Poverty and InequalitySexual and Reproductive HealthFamily, Maternal & Child HealthMethodology

State of the Art Review: Poverty and the Developing Brain

TitleState of the Art Review: Poverty and the Developing Brain
Publication TypeJournal Article
Year of Publication2016
AuthorsJohnson, SB, Riis, JL, Noble, KG
Date PublishedApr
ISBN Number1098-4275 (Electronic)0031-4005 (Linking)
Accession Number26952506
Keywords*Poverty, Brain/*growth & development, Child, Environmental Exposure/adverse effects, Health Status Disparities, Humans, Maternal Deprivation, Social Class, Stress, Psychological/physiopathology, United States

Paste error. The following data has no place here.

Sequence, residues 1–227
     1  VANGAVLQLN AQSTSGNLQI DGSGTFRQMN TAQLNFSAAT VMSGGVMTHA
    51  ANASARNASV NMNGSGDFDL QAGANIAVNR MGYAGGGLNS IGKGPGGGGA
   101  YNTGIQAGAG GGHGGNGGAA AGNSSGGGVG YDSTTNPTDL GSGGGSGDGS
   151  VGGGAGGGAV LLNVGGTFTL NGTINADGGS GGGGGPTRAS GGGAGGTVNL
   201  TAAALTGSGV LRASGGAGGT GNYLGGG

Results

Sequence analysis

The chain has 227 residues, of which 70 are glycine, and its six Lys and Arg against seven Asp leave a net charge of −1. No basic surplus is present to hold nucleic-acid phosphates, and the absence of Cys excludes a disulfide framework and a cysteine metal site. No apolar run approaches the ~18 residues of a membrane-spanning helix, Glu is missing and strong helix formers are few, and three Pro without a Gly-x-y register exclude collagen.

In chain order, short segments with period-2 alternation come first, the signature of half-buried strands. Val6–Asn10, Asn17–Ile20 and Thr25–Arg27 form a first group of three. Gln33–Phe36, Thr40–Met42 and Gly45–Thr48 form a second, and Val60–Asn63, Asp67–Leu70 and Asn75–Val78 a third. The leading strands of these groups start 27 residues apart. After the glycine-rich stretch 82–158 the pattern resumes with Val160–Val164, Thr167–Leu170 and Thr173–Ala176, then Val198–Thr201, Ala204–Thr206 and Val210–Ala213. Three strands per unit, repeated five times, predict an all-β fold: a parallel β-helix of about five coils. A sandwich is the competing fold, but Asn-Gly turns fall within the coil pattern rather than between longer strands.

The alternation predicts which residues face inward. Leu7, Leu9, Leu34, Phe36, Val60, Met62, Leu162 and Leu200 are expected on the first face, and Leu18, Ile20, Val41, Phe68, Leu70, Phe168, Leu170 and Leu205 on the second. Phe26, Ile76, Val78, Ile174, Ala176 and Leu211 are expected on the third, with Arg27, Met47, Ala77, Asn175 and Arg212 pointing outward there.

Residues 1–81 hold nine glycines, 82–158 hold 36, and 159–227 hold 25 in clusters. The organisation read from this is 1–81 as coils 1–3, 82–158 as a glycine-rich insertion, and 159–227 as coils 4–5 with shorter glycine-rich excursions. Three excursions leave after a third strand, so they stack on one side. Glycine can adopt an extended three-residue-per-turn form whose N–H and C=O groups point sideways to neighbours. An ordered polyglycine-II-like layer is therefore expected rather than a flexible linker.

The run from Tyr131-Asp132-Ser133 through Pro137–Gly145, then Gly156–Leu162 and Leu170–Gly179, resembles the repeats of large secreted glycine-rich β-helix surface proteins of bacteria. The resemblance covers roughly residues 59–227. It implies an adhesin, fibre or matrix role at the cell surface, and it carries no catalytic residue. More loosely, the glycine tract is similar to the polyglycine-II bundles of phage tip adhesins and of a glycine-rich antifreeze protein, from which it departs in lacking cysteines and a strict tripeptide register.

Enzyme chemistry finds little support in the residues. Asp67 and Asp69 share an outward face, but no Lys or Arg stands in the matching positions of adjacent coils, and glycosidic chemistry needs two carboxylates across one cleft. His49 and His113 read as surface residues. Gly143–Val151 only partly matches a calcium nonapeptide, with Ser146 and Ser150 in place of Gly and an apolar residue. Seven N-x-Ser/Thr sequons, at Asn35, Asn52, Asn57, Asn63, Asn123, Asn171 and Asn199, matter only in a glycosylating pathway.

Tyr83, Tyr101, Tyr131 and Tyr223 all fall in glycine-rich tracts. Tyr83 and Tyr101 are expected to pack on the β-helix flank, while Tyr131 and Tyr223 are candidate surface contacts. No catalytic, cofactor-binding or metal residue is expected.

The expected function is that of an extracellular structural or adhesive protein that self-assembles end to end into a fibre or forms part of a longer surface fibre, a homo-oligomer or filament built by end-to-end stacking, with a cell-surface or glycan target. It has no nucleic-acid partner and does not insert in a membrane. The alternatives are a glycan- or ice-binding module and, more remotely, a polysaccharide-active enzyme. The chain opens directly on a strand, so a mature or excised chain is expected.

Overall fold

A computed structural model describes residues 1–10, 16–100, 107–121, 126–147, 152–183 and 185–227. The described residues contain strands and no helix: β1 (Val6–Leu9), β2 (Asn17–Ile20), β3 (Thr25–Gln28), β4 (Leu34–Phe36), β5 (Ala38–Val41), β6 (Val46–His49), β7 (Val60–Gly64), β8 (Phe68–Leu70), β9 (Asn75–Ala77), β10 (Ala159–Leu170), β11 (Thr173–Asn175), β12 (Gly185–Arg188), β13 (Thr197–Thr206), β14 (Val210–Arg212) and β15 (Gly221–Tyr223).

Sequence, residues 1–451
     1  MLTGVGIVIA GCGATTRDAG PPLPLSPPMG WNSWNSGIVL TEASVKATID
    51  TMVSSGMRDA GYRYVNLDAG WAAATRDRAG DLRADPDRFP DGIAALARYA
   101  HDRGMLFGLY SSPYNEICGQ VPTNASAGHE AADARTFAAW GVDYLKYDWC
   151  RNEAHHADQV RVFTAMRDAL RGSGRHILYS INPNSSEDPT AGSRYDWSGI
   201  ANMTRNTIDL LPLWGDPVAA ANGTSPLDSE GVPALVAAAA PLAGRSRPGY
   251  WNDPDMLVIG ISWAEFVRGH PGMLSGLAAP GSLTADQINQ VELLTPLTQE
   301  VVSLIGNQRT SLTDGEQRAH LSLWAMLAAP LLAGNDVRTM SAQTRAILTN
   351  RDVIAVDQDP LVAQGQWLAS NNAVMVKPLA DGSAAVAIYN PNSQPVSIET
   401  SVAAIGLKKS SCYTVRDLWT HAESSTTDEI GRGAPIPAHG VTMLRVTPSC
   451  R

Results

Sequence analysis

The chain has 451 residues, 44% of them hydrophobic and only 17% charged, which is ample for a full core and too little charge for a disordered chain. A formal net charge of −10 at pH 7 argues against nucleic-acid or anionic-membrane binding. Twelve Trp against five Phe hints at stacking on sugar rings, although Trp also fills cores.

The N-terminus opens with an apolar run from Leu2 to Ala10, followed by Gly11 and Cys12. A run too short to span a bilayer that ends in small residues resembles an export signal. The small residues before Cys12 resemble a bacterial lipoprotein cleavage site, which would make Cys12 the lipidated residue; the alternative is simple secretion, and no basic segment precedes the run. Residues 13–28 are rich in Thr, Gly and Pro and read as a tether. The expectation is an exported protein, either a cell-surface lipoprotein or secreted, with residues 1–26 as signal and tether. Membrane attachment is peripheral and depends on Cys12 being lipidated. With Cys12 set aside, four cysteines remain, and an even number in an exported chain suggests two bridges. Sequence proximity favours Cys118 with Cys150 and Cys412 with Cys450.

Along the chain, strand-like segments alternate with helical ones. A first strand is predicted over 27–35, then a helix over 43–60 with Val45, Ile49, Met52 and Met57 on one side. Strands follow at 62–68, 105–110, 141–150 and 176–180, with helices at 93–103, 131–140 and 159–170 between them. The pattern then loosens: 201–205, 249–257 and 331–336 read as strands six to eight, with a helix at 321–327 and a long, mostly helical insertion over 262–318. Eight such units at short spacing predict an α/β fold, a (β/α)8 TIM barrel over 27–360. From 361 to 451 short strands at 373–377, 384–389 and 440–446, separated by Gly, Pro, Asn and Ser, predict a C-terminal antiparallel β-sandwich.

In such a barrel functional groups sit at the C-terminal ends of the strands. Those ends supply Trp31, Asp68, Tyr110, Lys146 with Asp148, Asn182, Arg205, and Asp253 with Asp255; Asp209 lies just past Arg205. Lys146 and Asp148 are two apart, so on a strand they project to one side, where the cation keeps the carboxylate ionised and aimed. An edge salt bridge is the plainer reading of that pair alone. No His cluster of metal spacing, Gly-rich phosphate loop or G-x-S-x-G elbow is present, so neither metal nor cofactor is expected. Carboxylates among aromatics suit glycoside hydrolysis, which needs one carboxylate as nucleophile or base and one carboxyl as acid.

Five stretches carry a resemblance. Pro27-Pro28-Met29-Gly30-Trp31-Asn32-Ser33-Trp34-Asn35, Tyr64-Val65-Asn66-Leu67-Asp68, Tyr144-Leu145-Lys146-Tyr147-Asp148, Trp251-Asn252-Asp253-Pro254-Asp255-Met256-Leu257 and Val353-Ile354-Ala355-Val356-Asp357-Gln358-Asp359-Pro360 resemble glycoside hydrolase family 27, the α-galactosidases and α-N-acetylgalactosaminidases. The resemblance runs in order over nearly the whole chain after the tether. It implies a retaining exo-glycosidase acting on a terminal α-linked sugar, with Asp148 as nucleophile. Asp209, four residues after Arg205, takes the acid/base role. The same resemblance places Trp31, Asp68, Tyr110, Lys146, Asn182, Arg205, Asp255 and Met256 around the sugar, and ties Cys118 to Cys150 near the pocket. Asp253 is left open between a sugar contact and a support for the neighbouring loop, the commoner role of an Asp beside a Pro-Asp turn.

In the United States, >40% of children are either poor or near-poor. As a group, children in poverty are more likely to experience worse health and more developmental delay, lower achievement, and more behavioral and emotional problems than their more advantaged peers; however, there is broad variability in outcomes among children exposed to similar conditions. Building on a robust literature from animal models showing that environmental deprivation or enrichment shapes the brain, there has been increasing interest in understanding how the experience of poverty may shape the brain in humans. In this review, we summarize research on the relationship between socioeconomic status and brain development, focusing on studies published in the last 5 years. Drawing on a conceptual framework informed by animal models, we highlight neural plasticity, epigenetics, material deprivation (eg, cognitive stimulation, nutrient deficiencies), stress (eg, negative parenting behaviors), and environmental toxins as factors that may shape the developing brain. We then summarize the existing evidence for the relationship between child poverty and brain structure and function, focusing on brain areas that support memory, emotion regulation, and higher-order cognitive functioning (ie, hippocampus, amygdala, prefrontal cortex) and regions that support language and literacy (ie, cortical areas of the left hemisphere). We then consider some limitations of the current literature and discuss the implications of neuroscience concepts and methods for interventions in the pediatric medical home.